Moving on today's Vintages' "Versatile South Africa" release of 21 wines (plus 4 untasted ISDs), I have three recommended whites. Warwick 2006 Sauvignon Blanc Professor Black (1669) at $19.95 is a Stellenbosch standout. Look for dry, tangy, somewhat grassy, ripe lemon-melon flavours with a crisp finish. From the Western Cape, Whaleheaven 2006 Viognier/Chardonnay (17095) at $18.95 exudes very pleasant, harmonious, ripe melon-pear flavours with a fine lingering finish. Finally, my release highlight is the sublime Eikendal 2005 Sémillon (17053) at only $17.95 from Stellenbosch. This barrel aged Sémillon has intense, complex, gently toasty, ripe lemon, key lime pie and Anjou pear purée flavours, which are at their peak.

In the rosé department, the blockbuster is the delicious, delicate light pink coloured Delheim 2006 Pinotage Rosé (721670) at $12.95. Dry, tangy and medium-light bodied the juicy, plummy, ripe strawberry flavours will hit the spot with almost anything.

Moving on to the reds, the best buy is the Vintages Essential Fairview 2005 Goats Do Roam Red (718940) at $12.95 from the Western Cape. The juicy, tropical fruit cocktail nose with spicy black cherry notes are replicated perfectly on the palate. It is ready to enjoy and comes with a convenient screwcap closure.

Those looking for a bubbly will not be disappointed by Graham Beck Brut (593483) at $17.95. This Méthode Cap Classique blend of Pinot Noir and Chardonnay is made in the Champagne method. It is dry and well balanced with honeyed, ripe lemon flavours accompanied by fine effervescence.

Pick of the Week

Niel Groenewald's Bellingham 2006 Our Founder's Sauvignon Blanc (665315) is a general list best buy at only $11.95 outperforming several more expensive entries. Pale straw in colour, it has appealing, ripe lemon-melon aromas with gentle grassy notes. On the palate, it is very dry and refreshing with appealing, grassy, ripe lemon-melon flavours and just a hint of yellow grapefruit.

Michael Vaughan's *** Restaurant Destinations
(out of three stars)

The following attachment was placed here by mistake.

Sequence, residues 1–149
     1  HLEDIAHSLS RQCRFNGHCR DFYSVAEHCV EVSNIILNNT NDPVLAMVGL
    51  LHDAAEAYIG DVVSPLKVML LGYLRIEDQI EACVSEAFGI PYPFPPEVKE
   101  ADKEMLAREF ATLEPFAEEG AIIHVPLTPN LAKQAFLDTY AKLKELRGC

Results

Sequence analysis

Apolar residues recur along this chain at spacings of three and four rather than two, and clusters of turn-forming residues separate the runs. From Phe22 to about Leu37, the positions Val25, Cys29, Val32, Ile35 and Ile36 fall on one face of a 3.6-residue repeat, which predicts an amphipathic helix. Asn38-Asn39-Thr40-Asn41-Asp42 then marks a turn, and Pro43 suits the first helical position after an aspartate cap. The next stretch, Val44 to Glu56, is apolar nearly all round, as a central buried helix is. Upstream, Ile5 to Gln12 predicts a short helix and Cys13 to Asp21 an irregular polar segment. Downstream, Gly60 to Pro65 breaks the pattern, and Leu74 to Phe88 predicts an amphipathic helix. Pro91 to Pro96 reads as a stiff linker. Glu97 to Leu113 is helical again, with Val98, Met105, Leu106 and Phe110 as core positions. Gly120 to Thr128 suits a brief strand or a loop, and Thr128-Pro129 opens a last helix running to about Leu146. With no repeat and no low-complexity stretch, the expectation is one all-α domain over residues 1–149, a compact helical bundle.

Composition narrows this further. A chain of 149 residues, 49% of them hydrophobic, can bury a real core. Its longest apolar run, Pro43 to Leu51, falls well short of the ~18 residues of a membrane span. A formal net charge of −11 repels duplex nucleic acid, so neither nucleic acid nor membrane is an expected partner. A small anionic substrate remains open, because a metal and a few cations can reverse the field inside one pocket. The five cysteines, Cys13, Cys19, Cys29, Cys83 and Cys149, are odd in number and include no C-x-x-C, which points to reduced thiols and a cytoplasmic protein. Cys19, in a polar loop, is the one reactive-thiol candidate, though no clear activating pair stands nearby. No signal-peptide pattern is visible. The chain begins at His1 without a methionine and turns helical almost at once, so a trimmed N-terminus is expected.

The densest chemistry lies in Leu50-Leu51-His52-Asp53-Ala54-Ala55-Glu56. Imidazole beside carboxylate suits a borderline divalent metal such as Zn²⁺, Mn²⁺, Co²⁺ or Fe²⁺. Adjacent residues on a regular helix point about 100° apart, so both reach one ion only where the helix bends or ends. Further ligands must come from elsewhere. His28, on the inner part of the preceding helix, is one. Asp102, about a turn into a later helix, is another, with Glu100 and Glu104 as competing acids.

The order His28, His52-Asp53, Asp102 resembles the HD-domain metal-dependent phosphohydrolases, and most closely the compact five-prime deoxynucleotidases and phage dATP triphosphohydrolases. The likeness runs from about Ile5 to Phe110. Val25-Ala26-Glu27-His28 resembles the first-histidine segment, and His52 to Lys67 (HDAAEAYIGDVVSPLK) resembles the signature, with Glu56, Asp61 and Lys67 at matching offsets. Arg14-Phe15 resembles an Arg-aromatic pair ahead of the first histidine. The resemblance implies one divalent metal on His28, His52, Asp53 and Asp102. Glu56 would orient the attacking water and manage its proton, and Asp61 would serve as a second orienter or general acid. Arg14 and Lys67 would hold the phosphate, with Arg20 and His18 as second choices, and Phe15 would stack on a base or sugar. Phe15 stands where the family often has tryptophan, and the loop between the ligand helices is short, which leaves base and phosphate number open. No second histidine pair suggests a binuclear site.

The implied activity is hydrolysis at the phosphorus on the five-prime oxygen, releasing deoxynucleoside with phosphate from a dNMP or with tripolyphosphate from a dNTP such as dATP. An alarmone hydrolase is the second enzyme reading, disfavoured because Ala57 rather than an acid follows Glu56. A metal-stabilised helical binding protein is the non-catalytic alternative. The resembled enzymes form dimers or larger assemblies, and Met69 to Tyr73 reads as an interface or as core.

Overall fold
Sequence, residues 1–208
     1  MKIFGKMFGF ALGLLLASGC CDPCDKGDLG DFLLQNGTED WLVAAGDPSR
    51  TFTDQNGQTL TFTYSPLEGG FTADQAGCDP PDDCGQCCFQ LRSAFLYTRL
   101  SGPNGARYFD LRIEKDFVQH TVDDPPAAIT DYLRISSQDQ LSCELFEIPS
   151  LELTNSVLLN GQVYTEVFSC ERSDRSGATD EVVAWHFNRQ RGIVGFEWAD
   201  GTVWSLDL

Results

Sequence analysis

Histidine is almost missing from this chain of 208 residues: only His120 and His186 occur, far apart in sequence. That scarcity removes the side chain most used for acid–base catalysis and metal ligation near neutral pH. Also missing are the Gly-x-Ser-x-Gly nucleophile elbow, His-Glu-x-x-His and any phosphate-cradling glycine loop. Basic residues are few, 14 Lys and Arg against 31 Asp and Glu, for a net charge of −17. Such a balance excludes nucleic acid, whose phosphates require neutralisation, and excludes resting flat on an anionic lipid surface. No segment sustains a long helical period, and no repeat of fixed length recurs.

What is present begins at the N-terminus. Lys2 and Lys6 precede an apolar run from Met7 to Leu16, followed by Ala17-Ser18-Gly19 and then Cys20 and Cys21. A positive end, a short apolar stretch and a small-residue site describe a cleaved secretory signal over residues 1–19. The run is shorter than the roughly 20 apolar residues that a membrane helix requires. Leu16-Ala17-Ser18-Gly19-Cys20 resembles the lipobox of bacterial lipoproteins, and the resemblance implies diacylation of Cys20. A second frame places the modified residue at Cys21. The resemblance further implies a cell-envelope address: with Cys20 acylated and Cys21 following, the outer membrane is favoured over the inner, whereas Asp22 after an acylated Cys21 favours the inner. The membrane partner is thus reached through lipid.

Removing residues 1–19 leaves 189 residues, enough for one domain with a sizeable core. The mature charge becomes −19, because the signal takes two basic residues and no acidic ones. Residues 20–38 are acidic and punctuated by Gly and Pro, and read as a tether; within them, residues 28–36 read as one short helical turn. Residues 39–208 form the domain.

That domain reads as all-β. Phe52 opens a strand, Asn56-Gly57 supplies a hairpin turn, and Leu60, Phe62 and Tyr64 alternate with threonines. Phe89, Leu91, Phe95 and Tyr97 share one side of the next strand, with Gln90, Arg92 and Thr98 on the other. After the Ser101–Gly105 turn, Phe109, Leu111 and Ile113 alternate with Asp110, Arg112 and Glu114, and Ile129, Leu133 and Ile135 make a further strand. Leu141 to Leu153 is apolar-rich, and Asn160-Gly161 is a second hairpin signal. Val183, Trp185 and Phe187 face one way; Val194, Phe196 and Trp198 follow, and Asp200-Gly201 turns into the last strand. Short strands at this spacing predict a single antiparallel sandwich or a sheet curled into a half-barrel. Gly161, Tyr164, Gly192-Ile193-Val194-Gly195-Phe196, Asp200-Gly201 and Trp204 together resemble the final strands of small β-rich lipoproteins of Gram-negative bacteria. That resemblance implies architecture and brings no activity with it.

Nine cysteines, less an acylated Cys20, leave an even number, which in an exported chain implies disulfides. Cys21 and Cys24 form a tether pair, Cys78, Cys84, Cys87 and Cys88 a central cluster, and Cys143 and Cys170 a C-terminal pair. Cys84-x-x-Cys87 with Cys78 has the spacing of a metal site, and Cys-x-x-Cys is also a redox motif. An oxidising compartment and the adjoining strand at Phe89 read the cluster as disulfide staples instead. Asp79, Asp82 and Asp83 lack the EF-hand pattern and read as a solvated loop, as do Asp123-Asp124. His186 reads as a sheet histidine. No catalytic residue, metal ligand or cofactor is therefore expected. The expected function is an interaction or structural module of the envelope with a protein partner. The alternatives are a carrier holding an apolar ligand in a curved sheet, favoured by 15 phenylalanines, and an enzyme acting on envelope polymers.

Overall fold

96 Tecumseth Street
(just north of King Street one block west of Bathurst)

Co-owner/chefs Jason Inniss and Bertrand Alépée have transformed the Susur Lee's intimate ex-Lotus restaurant location into a wonderful destination with truly terrific cusine. It is the level of cooking that makes Amuse-Bouche much more than a "neighbourhood" highlight (as suggested by James Chatto). It deserves to be on Toronto's top ten "must dine" list.

While the ingredients may not be quite as rarified as what you might encounter at say Scaramouche (one of my favourite destinations), the menu prices are considerably lower without any quality compromise. It is ironic that I can't help but think of this as the place where Susur's cooking reached its pinnacle, at least for my taste. I was almost delirious after experiencing a recent Amuse-Bouche meal - one which I would put in the top five enjoyed in Toronto over the past year.

My highlights: Foie Gras Ooele du Quebec, 'Sticky Pudding' au Dulce de Leche, Reduction de Cranneberge a La Fleur d'Oranger ($18), which is tender pan-seared Quebec foie gras, sticky dulce de leche pudding, cranberry and orange blossom reduction. This was followed by a perfectly cooked medium-rare, Pittsburg style, Filet de Boeuf d'Alberta Grille, Confit se Pomme de Terre Rattes aux Echallotes, Timbale d'Automne, Jus au Poivre de Szechwan ($33), which is grilled Alberta beef tenderloin, fingerling potato and shallot confit, autumn purse, Szechwan pepper jus pomme; for dessert Tarte Tatin au 'Crumble' de The Vert, Gateau au Chocolat, Blanca la Pomme, Pomme d'Amour, Glace a la Citrouille ($12), which is apple/green-tea crumble tatin, white chocolate apple softcake, pumpkin ice cream. We also shared Selection des Specialitées de "Cheese Boutique" ($16), a selection of four, delicious, ripe, cheese (perfect temperature) from the Cheese Boutique with house-made crackers.

To see the current menu (as of January 6th) click here, to see their wine list click here.